Release Date: Apr 14, 2009
Record label: DFA
Genre(s): Indie, Rock, Electronic
Missing the arty disco of LCD Soundsystem? This will tide you over. MacLean was once in dance punks Six Finger Satellite, employing LCD's James Murphy as soundman. Now he's releasing thoughtful dancefloor fare on his label, sharing deadpan vocals with Nancy Whang. The result? A cosmic, contemporary Human League .
It's been a year since the Juan MacLean released the lead single from this album, Happy House. A sprawling 12-minute dance music epic, it's easily the disc's standout track, but don't be fooled into thinking it's representative of the album as a whole. [rssbreak] In fact, most of the other tracks are far more concise and synth-pop-inspired, bringing to mind Yazoo or the Human League more than the Chicago house referenced by the single.
The most telling fact about the Juan Maclean's The Future Will Come is, quite shockingly, a statement from John Maclean himself: "In my career as the Juan Maclean, my guiding principle was to start out more dance-y and instrumental, and someday bow out, making flat-out, three-and-a-half minute pop songs. " A noble goal if ever there was one -- someone who knows that what they're doing can flatten a city block with three and a half minutes of audio. It is probably because of this intention that seven out of the ten tracks on The Future Will Come dance around the short end, despite the fact that most of the attention given to the Juan Maclean has focused on that project's longer tracks, notably this disc's closer, "Happy House.
The Juan MacLean’s frontman, John Mac-Lean, has built himself a nice subgenre niche, releasing a steady stream of knowingly kitschy electro anthems that play equally well at cavernous discos and cool-kid Brooklyn house parties. And The Future Will Come is, by and large, a fun ride, all squiggly synth wah-wahs, airy vocal coos, and funked-up drums that beg for — and sometimes, as on the giddy closer ”Happy House,” deliver — more cowbell. B+ Download This: Listen to the song ”Happy House” on imeem.com See all current music reviews from EW .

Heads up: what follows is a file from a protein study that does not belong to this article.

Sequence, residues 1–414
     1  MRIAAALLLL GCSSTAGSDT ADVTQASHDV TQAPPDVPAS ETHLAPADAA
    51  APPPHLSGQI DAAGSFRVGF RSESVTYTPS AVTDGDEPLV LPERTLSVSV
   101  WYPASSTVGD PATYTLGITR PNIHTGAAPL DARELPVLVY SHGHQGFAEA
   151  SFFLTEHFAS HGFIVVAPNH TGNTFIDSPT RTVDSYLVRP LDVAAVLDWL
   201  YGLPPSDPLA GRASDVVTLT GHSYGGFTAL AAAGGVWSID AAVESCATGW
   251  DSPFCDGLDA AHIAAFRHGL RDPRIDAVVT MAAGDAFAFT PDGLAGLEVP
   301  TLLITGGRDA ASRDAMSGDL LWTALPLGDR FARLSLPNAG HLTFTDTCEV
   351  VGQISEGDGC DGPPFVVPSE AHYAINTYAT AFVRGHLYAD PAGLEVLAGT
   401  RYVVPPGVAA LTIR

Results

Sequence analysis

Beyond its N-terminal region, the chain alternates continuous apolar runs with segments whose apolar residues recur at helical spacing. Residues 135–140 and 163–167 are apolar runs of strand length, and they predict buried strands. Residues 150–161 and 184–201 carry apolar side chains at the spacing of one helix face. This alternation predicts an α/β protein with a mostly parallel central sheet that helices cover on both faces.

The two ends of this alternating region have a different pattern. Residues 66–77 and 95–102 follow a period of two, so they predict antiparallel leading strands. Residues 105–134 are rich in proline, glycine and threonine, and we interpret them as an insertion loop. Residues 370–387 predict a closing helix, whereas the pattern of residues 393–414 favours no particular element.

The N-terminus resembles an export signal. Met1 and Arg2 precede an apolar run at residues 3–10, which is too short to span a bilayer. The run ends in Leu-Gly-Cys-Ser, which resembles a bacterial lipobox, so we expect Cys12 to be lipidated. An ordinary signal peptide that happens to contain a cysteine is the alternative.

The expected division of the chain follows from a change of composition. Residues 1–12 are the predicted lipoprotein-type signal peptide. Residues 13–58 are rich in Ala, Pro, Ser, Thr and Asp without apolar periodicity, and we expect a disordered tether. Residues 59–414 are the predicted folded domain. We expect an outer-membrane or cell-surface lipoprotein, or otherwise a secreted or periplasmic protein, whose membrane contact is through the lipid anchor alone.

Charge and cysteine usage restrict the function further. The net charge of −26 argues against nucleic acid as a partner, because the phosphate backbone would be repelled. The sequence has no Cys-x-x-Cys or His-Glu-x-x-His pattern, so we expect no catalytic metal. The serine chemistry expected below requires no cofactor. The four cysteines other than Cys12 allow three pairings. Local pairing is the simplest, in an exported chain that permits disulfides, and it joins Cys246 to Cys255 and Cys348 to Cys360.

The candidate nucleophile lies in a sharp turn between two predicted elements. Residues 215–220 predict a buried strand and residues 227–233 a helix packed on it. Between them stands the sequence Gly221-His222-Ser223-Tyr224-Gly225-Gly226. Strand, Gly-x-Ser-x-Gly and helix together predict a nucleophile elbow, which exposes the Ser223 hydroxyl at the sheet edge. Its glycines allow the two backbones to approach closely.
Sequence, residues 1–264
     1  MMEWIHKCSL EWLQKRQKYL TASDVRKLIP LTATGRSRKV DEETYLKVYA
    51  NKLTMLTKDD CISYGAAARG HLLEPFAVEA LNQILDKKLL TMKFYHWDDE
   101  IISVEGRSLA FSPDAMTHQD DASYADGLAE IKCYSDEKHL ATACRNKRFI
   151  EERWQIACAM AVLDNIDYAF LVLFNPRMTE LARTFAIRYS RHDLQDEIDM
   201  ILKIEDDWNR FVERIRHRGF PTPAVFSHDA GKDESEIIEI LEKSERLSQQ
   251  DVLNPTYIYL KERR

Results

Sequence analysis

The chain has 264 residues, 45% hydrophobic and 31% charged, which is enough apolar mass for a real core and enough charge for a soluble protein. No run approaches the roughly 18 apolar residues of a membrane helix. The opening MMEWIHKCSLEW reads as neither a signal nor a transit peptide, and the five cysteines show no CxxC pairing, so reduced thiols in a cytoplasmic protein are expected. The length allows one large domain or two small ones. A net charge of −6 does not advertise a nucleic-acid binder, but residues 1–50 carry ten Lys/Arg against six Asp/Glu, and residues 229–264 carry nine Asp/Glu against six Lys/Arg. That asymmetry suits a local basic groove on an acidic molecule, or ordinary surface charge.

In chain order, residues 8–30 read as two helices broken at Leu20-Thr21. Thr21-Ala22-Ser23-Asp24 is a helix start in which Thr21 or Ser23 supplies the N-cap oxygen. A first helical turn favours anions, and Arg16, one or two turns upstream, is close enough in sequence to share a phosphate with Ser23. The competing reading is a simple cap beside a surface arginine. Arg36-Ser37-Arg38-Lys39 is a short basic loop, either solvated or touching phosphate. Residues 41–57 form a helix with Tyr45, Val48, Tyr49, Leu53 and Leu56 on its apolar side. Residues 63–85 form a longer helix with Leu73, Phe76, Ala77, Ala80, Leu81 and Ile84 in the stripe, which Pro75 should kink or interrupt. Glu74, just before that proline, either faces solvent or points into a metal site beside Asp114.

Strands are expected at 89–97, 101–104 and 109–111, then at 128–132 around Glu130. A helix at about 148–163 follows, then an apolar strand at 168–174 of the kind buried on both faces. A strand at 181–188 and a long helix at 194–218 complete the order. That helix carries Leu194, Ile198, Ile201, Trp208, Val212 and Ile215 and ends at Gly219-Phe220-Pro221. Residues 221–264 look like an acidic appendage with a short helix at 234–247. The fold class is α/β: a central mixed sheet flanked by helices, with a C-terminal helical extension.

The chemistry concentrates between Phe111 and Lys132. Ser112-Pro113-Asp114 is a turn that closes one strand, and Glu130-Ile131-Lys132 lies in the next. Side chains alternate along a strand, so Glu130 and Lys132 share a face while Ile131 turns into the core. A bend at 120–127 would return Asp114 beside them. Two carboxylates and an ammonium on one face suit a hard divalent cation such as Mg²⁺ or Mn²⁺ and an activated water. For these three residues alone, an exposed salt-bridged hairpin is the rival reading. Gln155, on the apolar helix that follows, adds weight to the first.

If you wanted to hear an askew semi-counterpoint to Hercules and Love Affair's longing, unrequited "Blind" last year, all you had to do was jump back a couple of weeks and one DFA catalogue number. The Juan MacLean's "Happy House" might have been comparatively overlooked in the wake of their labelmates' widespread critical success, but it's hard not to hear it as the weight on the other side of the scale. It jumps a decade or so past H&LA's Larry Levan-minded disco into a style alluded to in the song's double-meaning title, Nancy Whang's voice dripping with a cool, almost aloof exuberance that seemed content to ride along with that pulse-raising piano.
Last year, the only record to rival Hercules and Love Affair's Blind for classy dancefloor nostalgia came from their label-mate the Juan Maclean (aka plain old John Maclean). True to its title, Happy House was a stirring, full-blooded celebration of early 1990s, piano-led house music. Maclean works best in dance music's wide open spaces - the 10-minute Tonight brilliantly evokes the nocturnal deep house of Larry Heard, before breaking down into a wobbly juke-joint piano riff and an eerie, dissipated croon, while Accusations is Rhodes-dappled cosmic disco.
Electroclash is deader than disco, but its passivity remains. On The Future Will Come, the new album by the Juan MacLean, vocalist Nancy Whang emotes with an energy level just a bit above that of the infamously deadpan Miss Kittin. And although this isn’t an album that totally lives or dies on the basis of vocal tracks, Whang’s participation is a potentially divisive proposition.
John “the Juan” MacLean emerged as James Murphy’s partner in arty retro-disco. As a producer, Murphy aided the evolution of MacLean’s erstwhile dance-punk band Six Finger Satellite. And from the giddyup, MacLean’s sparse, thumping solo work was an obvious fit for Murphy’s once-dominant DFA label. And yet, aside from its cheeky title, MacLean’s 2005 debut Less Than Human was relatively free of the acidic, focused humor that defined Murphy’s work and DFA’s fleeting 2002-04 commercial renaissance at large.